Humble and humor are the qualities that a “black-ish” star uses to reel his audience in, while telling his story and rolling out his career to listeners. Actor Anthony Anderson has a down- to- earth demeanor that speaks to turning his mother’s ambitions into his reality. Anderson shared his story recently at Saint Sabina Church, as part of the African American Speaking Series in Chicago, IL.
“It is my responsibility to share my gift with the world,” said Anderson. “It all started with a dream. I don’t go to work–I go to play, he said.
Anderson, 49, who is a man of many talents, said that it was his mother’s dream to be an actress, but instead she found herself 17 years-old and a single parent. “She put her life on hold for me,” he explained. “Black women are the strongest women on this earth. It is my responsibility to love, honor and uphold the Black woman.” he said.
Today his mother is the co-host of the television show, “To Tell the Truth.” It was Anderson’s way of fulfilling her dreams. Her name is Doris Bowman and she is the score keeper on the show.
Some of Anderson’s relatives live in Chicago, as he referred to spending time in the local housing projects and not having time to see an aunt, who was living a few blocks down from the church. He credits them and the family experiences with keeping him grounded, as he has never forgotten where he has come from.
Anderson attended Hollywood High School and won the NAACP’s ACT-SO award for performing a monologue from “The Great White Hope.” That honor lead to him attending Howard University on a full scholarship. He would later drop out for lack of money, as he had three brothers and sisters at home, who also needed to be supported.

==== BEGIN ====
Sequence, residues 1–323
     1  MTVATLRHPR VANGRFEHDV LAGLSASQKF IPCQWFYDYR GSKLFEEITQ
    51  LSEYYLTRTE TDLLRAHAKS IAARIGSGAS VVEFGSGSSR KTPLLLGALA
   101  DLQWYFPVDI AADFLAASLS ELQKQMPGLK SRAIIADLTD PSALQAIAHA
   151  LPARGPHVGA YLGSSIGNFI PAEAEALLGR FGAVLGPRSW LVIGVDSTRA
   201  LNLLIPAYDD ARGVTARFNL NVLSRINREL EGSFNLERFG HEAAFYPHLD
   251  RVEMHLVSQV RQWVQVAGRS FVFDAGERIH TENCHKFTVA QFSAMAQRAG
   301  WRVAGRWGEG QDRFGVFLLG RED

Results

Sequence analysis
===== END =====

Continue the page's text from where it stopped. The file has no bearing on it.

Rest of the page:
Referring to Howard, Anderson said it was a “beautiful” experience. He attended college classes with P. Diddy, actress Wendy Davis, actor Carl Anthony Payne and many others. “We were up there, in that struggle and we figured it out,” he said about life.
In 2022, Anderson will graduate from Howard University with his son. Anderson said black-ish was based off of his child’s experiences, as an upper class child, who does not have a “hood” background. His son was having difficulty understanding his peer’s culture and vice versa. So while trying to sell the show to the Hollywood producers, he had a scrapbook and artifacts from his son’s life, so they could understand the cultural dilemma his son lived in.
Anderson ended by proclaiming encouraging words to the Black youth who were present for his evening. As the boys entered the sanctuary, they sat before him as he invoked some history.”You are feared because you are great. You are feared because you are the father of civilization. You are a king,” he said.
“Be respectful, love yourself…Be royal, Be kings men and Be intelligent.”